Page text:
Shrimp are swimming crustaceans with long narrow muscular abdomens and long antennae. Unlike crabs and lobsters, shrimp have well developed pleopods (swimmerets) and slender walking legs; they are more adapted for swimming than walking. Historically, it was the distinction between walking and swimming that formed the primary taxonomic division into the former suborders Natantia and Reptantia. Members of the Natantia (shrimp in the broader sense) were adapted for swimming while the Reptantia (crabs, lobsters, etc.) were adapted for crawling or walking. Some other groups also have common names that include the word "shrimp"; any small swimming crustacean resembling a shrimp tends to be called one.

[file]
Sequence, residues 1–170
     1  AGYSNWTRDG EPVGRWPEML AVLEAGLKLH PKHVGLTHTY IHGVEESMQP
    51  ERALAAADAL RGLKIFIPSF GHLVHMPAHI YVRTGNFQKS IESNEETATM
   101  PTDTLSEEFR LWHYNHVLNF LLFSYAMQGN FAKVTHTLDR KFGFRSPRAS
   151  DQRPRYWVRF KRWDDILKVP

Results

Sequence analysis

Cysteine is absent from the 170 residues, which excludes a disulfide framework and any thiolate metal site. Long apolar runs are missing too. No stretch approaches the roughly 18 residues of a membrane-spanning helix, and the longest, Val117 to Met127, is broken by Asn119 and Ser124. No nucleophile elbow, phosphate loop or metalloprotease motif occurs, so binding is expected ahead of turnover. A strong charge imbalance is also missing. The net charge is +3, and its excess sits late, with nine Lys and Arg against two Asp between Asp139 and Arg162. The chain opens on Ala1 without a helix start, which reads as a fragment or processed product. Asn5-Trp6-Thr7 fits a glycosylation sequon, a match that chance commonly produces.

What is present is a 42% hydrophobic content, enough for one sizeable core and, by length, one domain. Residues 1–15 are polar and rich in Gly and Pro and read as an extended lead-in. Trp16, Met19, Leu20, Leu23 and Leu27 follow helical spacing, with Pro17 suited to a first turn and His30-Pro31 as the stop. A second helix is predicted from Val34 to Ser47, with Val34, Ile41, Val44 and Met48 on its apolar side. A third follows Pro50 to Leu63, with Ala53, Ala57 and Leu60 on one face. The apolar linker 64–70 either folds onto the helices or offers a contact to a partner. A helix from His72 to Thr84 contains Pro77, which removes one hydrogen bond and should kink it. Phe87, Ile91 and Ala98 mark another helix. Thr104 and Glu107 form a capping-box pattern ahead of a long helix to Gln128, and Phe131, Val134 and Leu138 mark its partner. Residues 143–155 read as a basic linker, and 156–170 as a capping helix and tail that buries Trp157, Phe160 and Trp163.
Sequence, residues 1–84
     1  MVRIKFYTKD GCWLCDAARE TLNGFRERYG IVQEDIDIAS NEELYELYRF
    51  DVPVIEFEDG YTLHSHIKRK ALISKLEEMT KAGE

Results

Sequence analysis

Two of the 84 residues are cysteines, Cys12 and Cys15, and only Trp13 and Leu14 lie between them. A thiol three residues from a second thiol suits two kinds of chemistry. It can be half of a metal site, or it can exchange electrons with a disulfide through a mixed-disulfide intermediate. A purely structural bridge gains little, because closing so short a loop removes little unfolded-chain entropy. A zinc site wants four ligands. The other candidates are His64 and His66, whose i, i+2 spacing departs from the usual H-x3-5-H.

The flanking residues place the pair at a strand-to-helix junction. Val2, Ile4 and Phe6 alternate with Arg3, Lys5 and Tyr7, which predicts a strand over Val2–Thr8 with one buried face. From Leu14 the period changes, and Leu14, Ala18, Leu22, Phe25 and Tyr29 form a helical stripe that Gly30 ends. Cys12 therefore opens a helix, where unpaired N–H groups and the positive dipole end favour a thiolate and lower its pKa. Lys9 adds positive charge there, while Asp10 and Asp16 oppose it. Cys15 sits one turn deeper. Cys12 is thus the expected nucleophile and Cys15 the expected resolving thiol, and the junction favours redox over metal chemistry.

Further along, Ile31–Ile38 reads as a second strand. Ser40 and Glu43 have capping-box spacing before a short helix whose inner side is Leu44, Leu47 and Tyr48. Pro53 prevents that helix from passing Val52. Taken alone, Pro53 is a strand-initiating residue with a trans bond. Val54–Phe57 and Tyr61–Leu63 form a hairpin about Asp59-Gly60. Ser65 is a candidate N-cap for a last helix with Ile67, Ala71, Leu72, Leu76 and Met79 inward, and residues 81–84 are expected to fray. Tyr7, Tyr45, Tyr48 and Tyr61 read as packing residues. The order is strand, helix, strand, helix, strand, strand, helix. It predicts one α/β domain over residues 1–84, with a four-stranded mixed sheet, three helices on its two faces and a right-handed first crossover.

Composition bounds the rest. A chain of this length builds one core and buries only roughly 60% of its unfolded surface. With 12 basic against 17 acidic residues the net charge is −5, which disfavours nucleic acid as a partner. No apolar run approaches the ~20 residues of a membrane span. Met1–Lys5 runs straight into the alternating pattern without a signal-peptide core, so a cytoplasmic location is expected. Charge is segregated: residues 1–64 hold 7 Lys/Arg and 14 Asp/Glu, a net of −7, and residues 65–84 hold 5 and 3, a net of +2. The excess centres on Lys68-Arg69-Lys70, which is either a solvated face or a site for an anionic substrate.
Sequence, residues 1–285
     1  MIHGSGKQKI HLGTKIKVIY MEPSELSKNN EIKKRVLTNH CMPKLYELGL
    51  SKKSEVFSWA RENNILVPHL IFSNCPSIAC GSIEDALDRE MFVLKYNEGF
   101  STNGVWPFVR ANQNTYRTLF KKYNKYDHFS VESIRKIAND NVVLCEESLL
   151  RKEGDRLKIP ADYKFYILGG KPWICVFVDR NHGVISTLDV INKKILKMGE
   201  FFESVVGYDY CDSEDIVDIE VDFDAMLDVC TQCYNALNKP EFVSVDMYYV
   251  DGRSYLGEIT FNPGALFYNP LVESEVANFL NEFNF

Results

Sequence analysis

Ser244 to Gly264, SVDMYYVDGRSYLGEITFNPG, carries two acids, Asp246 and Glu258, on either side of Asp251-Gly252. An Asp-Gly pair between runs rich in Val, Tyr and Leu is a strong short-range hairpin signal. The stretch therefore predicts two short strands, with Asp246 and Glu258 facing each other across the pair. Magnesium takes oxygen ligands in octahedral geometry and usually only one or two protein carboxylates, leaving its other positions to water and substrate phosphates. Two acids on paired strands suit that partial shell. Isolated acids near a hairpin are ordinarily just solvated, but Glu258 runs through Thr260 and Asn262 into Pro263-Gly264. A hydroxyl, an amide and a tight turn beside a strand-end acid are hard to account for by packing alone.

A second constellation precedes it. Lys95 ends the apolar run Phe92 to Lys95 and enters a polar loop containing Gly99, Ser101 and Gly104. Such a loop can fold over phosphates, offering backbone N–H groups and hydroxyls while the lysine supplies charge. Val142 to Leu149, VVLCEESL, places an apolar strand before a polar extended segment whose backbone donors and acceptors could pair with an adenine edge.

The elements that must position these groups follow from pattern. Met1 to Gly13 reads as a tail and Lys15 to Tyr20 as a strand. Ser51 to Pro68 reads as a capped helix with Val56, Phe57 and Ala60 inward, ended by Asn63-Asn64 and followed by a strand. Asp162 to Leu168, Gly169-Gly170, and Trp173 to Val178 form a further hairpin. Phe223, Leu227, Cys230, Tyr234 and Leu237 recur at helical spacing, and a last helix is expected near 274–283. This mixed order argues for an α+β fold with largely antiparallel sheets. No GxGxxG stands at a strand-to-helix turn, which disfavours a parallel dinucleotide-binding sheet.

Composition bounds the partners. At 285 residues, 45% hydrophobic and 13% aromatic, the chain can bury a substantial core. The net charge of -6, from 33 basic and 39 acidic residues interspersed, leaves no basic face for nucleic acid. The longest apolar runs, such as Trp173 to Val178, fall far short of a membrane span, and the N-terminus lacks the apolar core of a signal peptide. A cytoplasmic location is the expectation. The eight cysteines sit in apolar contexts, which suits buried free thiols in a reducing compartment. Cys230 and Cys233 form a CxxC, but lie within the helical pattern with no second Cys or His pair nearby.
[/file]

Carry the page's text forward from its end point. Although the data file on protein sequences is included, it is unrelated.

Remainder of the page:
|Differences between shrimp, lobsters and crabs|